3. 3. RAISING THE STANDARD TO MAKE SURGICALCARE SAFER WORLDWIDE Surgical care has been an essential component of health systems worldwide for more than a century. Although there have been major improvements over the last few decades, the quality and safety of surgical care has been dismayingly variable in every part of the world. The Safe Surgery Saves Lives initiative aims to change this by raising the standards that patients anywhere can expect.’
    4. 4. 5 FACTS ABOUT SURGICAL SAFETY 1. Complications after inpatient operations occur in up to 25% of patients. 2. The reported crude mortality rate after major surgery is 0.5–5%. 3. In industrialized countries nearly half of all adverse events in hospitalized patients are related to surgical care. 4. At least half of the cases in which surgery led to harm are considered to be preventable. 5. Known principles of surgical safety are inconsistently applied even in the most sophisticated settings.
    5. 5. WRONG-SITE SURGERY (WSS)What is it? Top Causes Wrong site  70% communication Wrong patient failure Wrong procedure  64% procedural non compliance  46% leadership issues
    6. 6. WSS RISK FACTORS  Emergency cases  Multiple surgeons  Multiple procedures  Deformities  Obesity  Time pressures  Unusual equipment or set up  Room changes
    7. 7. UNIVERSAL PROTOCOL - PREOPERATIVEVERIFICATION PROCESSPurpose Process To ensure that all of the relevant  An ongoing process of documents and studies are available prior to the start of the information gathering and procedure and that they have verification been reviewed and are consistent with each other and  Begins with the with the patients expectations determination to do the and with the teams procedure, continuing understanding of the intended patient, procedure, site, and, as through all settings and applicable, any implants. interventions involved in the Missing information or preoperative preparation of discrepancies must be the patient, up to and addressed before starting the including the "time out" just procedure. before the start of the procedure.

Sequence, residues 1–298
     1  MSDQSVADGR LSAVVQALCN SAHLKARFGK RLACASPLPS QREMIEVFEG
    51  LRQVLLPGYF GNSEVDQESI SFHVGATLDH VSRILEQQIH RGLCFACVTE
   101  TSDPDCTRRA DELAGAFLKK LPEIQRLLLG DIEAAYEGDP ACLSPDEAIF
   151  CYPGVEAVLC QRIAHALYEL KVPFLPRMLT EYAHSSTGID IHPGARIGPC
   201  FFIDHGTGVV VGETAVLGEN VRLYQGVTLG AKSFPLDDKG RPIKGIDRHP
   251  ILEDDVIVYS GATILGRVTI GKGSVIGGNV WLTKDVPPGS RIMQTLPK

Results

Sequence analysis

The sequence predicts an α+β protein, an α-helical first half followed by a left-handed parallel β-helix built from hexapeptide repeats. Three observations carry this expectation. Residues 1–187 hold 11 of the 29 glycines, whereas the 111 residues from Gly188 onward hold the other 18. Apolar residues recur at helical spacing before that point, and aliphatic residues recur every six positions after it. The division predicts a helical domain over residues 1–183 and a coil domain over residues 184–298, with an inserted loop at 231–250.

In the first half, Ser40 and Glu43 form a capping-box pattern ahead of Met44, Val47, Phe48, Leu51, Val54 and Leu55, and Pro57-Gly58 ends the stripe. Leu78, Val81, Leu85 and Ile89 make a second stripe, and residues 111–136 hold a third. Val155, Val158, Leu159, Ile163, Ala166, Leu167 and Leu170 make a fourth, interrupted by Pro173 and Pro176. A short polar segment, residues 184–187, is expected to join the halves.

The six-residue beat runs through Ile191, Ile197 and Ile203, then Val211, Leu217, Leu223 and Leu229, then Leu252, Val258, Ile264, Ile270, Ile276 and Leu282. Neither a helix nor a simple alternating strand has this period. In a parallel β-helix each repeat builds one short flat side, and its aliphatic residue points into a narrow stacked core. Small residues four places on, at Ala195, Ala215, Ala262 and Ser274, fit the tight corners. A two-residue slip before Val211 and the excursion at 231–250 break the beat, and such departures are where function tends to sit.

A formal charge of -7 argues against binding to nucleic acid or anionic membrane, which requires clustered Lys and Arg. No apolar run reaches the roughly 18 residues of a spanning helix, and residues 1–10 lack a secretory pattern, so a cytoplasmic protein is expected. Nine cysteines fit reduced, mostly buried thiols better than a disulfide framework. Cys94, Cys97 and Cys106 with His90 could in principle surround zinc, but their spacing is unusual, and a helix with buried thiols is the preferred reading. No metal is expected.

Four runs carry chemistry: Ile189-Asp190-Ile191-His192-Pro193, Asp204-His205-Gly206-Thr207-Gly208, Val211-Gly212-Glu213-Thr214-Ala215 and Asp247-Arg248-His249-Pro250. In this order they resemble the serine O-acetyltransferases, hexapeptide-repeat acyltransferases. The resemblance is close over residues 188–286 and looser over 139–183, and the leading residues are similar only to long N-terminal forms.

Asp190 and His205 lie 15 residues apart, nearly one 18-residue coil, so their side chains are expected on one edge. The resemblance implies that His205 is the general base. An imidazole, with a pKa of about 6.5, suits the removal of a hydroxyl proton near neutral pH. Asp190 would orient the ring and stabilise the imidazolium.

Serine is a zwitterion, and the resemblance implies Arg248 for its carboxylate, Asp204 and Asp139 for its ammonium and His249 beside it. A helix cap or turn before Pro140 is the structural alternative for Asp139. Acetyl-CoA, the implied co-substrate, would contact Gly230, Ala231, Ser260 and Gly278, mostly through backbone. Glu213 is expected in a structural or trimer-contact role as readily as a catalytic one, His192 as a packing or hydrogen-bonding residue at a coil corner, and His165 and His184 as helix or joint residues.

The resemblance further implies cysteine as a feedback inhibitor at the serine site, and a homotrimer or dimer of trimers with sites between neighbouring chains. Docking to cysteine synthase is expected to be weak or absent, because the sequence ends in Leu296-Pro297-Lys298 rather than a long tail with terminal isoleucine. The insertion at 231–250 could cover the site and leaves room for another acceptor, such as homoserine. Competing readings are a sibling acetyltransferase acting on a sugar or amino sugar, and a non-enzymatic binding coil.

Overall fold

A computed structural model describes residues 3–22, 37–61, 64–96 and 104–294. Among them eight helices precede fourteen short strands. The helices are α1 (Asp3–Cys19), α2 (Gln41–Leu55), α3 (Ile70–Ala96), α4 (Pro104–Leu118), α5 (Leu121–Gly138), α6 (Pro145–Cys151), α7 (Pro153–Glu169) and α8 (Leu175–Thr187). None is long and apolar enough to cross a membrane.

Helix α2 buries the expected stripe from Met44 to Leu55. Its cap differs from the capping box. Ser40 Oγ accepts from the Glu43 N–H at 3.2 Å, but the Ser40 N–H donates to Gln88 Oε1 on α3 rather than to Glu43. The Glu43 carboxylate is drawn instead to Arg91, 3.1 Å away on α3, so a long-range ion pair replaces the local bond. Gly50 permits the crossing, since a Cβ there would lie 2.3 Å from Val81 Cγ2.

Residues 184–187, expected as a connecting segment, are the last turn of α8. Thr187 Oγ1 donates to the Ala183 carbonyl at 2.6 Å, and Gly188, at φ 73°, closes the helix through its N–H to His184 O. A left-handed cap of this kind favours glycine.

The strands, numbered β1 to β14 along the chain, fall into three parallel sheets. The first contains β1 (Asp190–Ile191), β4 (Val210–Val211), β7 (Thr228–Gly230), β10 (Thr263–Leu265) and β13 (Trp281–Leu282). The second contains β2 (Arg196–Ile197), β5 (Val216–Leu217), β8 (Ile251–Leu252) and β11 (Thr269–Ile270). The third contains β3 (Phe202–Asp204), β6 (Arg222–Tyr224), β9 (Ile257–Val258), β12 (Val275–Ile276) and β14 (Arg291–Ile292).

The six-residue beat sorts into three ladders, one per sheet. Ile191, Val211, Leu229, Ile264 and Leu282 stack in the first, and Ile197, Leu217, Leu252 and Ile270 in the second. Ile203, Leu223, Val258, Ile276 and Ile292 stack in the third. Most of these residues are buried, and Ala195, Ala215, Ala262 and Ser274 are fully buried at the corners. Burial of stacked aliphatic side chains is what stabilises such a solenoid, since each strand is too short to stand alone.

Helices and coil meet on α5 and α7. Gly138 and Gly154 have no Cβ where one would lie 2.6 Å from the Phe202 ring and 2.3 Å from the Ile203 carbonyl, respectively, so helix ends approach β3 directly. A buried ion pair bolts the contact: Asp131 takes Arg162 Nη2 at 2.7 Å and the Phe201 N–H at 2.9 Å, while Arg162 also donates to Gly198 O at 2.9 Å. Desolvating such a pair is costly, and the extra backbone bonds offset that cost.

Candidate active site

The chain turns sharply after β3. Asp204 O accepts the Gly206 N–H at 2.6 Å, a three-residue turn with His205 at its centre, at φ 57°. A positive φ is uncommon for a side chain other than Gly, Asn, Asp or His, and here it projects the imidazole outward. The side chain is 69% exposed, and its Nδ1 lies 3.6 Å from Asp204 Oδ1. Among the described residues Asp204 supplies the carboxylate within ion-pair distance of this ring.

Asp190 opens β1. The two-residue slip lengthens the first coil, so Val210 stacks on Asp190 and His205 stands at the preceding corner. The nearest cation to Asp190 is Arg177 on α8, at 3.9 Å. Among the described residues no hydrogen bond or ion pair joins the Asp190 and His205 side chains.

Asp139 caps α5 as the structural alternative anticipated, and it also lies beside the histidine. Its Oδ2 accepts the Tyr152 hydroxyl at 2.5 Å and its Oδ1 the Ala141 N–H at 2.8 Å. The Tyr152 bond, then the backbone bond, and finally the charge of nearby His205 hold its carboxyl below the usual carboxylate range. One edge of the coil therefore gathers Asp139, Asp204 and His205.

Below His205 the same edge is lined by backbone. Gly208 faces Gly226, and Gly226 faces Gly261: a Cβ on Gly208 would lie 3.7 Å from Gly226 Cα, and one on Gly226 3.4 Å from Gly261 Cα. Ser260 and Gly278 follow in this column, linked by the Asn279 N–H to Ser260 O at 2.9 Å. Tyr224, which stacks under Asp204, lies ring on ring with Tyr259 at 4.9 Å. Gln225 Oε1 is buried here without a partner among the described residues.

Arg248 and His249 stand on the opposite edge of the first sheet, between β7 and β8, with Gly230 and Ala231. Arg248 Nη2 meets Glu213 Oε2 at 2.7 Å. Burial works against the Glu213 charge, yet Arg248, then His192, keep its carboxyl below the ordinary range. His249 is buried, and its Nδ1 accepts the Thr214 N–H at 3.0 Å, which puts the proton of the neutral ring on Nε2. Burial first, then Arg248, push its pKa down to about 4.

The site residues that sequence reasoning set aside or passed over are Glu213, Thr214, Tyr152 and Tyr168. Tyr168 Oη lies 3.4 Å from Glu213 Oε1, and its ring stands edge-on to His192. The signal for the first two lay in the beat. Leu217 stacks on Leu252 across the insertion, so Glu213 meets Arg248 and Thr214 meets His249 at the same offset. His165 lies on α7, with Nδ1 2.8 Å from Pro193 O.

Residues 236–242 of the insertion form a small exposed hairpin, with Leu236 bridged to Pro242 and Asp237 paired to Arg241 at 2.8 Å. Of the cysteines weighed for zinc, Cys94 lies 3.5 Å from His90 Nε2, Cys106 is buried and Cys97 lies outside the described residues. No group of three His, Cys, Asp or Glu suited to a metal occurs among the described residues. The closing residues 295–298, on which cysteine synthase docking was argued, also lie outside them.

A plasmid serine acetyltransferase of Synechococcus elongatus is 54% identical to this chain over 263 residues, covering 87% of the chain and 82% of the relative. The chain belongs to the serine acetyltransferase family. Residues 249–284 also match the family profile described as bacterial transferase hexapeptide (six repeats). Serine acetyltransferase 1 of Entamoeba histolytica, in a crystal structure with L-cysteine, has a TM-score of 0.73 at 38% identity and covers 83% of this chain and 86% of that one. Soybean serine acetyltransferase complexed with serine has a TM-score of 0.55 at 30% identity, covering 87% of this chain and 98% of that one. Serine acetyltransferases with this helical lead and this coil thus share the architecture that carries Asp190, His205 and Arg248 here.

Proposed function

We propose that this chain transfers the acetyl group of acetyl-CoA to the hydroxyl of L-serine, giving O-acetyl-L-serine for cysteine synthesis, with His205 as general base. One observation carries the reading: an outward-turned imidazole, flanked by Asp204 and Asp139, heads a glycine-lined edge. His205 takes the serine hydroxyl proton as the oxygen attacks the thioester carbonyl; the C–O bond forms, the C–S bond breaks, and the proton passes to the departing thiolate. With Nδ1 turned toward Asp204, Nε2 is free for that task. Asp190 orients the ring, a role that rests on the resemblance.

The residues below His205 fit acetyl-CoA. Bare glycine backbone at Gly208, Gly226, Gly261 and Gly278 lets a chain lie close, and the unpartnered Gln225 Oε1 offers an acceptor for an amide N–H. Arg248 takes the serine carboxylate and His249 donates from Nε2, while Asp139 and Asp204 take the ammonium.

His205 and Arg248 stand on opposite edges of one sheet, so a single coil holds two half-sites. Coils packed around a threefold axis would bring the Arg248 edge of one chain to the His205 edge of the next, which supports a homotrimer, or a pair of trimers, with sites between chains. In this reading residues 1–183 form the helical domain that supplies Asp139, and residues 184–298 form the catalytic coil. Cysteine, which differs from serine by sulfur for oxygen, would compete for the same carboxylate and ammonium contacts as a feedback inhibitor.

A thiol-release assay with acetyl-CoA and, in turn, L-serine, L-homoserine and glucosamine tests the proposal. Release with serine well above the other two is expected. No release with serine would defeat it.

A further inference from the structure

8. 8. UNIVERSAL PROTOCOL - MARKING THEOPERATIVE SITEPurpose Process To identify  For procedures involving right/left unambiguously the distinction, multiple intended site of incision structures (such as or insertion. fingers and toes), or multiple levels (as in spinal procedures), the intended site must be marked such that the mark will be visible after the patient has been prepped and draped.
    9. 9. UNIVERSAL PROTOCOL - "TIME OUT" IMMEDIATELYBEFORE STARTING THE PROCEDUREPurpose Process To conduct a final  Active communication verification of the among all members of correct the surgical/procedure patient, procedure, site team, consistently initiated by a designated and, as member of the team, applicable, implants. conducted in a "fail-safe" mode, i.e., the procedure is not started until any questions or concerns are resolved.
    10. 10. FIVE STAGES OF THE ‘CORRECT PATIENT, CORRECTSITE AND CORRECT PROCEDURE’ POLICY Step 1: ensure that valid informed consent has been obtained Step 2: Confirm the patient’s identity Step 3: mark the site of the surgery or invasive procedure Step 4: Take a final ‘team time-out’ in the operating theatre, treatment or examination area. Step 5: ensure the correct and appropriate documents and diagnostic images are available
    11. 11. REFERENCES Correct Patient, Correct Procedure and Correct Site Policy and Guidelines for Western Australian Health Services. (2006). Retrieved January, 2, 2012, from http://www.safetyandquality.health.wa.gov.au/docs/correct_ps p/Correct_Patient_Policy_and_Guidelines_Final.pdf Mulloy, D., & Hughes, R. (2008). Wrong-Site Surgery: A Preventable Medical Error. Retrieved January 2, 2012, from http://www.ncbi.nlm.nih.gov/books/NBK2678/ Safe Surgery Saves Lives. (2008). Retrieved January 2, 2012, from http://www.who.int/patientsafety/safesurgery/knowledge_base/ SSSL_Brochure_finalJun08.pdf Surgical Safety Checklist. (2009). Retrieved January 2, 2012, from http://whqlibdoc.who.int/publications/2009/9789241598590_e ng_Checklist.pdf